Trilingual Joyce: The Anna Livia Variations
Trilingual Joyce: The Anna Livia Variations

Trilingual Joyce: The Anna Livia Variations

by Patrick O'Neill

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Trilingual Joyce is a detailed comparative study of James Joyce’s personal involvement in both French and Italian translations of the iconic 1928 text Anna Livia Plurabelle, which later became the eighth chapter of Finnegans Wake.

Considered to be completely untranslatable at the time of its publication, the translation of Anna Livia Plurabelle represented a fascinating challenge to Joyce, who collaborated in experimental renderings of the text, first into French and later into Italian. Patrick O’Neill’s Trilingual Joyce is the first comparative study of all three of the Anna Livia Plurabelle variations, and fills a long-standing gap in Joyce studies. O’Neill, an Irish-born professor who has written widely on texts in translation, also discusses in detail the avant-guard novelist and playwright Samuel Beckett’s contribution as a young man to the French rendering of Anna Livia Plurabelle.

Product Details

ISBN-13: 9781487516024
Publisher: University of Toronto Press, Scholarly Publishing Division
Publication date: 04/13/2018
Format: NOOK Book
Pages: 240
File size: 3 MB

About the Author

Patrick O’Neill is a professor emeritus in the Department of Languages, Literatures and Cultures at Queen’s University.

Table of Contents


1. All about Anna
2. The Old Cheb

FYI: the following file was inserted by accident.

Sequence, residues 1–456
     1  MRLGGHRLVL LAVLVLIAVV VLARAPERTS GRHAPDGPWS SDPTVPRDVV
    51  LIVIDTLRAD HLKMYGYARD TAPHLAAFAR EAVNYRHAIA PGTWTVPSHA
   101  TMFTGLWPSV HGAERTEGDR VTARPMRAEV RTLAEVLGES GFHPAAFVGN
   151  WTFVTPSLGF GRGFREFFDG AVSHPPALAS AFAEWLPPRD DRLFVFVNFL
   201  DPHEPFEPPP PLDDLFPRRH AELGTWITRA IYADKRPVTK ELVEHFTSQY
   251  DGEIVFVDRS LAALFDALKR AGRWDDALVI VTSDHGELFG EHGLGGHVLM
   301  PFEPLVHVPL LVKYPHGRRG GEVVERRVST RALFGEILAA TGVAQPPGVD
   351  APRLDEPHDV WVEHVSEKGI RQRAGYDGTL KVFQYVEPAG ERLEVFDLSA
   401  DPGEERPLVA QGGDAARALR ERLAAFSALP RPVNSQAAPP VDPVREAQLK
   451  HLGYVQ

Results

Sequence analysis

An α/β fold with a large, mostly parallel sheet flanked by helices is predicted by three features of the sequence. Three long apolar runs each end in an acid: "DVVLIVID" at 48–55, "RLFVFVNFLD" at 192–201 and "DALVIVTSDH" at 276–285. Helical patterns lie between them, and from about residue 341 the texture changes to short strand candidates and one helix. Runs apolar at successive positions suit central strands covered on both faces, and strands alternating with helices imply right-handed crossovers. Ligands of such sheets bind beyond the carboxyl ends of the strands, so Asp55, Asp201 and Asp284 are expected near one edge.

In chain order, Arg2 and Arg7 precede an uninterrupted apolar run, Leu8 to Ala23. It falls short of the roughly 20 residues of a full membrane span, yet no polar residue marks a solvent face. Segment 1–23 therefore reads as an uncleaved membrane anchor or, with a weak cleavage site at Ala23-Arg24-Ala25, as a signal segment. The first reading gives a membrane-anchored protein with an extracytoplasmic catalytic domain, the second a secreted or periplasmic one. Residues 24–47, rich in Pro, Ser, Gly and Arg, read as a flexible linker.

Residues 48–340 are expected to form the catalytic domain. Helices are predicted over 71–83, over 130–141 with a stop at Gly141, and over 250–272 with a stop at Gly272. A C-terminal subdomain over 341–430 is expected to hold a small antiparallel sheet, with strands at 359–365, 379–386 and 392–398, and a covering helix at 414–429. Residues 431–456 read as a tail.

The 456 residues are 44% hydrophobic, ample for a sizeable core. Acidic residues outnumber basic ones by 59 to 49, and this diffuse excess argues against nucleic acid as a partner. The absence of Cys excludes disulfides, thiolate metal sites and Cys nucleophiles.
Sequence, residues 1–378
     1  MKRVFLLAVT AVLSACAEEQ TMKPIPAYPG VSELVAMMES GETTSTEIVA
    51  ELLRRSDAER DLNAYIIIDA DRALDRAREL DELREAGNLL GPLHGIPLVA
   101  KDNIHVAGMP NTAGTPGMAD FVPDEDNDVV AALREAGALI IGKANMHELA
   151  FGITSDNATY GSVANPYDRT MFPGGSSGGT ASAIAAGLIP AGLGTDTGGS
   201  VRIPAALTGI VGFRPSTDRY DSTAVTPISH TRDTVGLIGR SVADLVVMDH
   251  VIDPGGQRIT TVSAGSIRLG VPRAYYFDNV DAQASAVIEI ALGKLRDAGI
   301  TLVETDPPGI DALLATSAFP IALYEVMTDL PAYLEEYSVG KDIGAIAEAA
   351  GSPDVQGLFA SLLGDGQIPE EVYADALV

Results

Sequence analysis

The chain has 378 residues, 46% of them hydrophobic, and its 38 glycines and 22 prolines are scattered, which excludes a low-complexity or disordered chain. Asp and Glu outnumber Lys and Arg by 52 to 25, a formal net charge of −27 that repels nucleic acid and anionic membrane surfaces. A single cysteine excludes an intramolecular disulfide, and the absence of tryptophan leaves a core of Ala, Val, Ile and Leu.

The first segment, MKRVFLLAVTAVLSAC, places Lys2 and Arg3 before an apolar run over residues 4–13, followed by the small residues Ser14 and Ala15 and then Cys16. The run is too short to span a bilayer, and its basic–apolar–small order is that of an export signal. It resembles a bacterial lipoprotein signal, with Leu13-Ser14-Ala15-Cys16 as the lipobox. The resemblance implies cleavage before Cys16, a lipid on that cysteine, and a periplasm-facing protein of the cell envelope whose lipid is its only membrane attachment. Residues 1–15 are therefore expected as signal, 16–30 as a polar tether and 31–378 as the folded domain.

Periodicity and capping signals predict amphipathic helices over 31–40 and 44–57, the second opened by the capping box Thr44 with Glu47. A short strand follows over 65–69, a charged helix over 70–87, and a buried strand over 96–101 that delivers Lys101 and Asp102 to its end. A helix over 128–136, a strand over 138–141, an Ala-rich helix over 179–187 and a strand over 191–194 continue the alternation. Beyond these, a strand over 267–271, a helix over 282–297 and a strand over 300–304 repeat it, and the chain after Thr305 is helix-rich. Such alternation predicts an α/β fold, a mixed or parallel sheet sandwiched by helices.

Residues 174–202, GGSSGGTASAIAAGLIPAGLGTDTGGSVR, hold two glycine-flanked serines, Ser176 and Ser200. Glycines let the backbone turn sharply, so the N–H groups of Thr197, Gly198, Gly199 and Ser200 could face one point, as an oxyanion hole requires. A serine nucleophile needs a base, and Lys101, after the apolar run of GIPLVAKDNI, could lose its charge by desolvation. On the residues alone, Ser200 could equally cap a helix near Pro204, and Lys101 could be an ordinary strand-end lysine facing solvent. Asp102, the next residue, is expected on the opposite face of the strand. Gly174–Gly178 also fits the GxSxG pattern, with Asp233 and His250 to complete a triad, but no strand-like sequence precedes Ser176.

3. Steeping and Stuping
4. Animal Sendai
5. Duke Alien
6. Phenician Rover
7. Nearly as Badher
8. Simps and Signs
9. Gammer and Gaffer
10. Night Now

Appendix: Chronological ALP

What People are Saying About This

Tim Conley

"Trilingual Joyce manages to be both painstaking and fun, no mean trick. O’Neill reminds us, as Finnegans Wake itself does, to be patient, to make our discoveries gradually, cumulatively, and by comparison. His study is attentive to rhythms and rhymes, rather than vocabulary alone (and that "alone" belies a great deal, for the Wake’s range in this regard is indeterminably broad), and is very conversant with the relevant textual history and the ongoing critical discussions about Joyce and translation."

Garry Leonard

"Not since Richard Ellmann’s acclaimed biography of James Joyce have I read such an engaging account of Joyce’s daily life intertwined with the full scholarly rigour of a textual analysis. Not surprisingly then, I see O’Neill is as well versed in biographical accounts of Joyce’s life as he is in both ‘classic’ and more recent overviews of Finnegans Wake."

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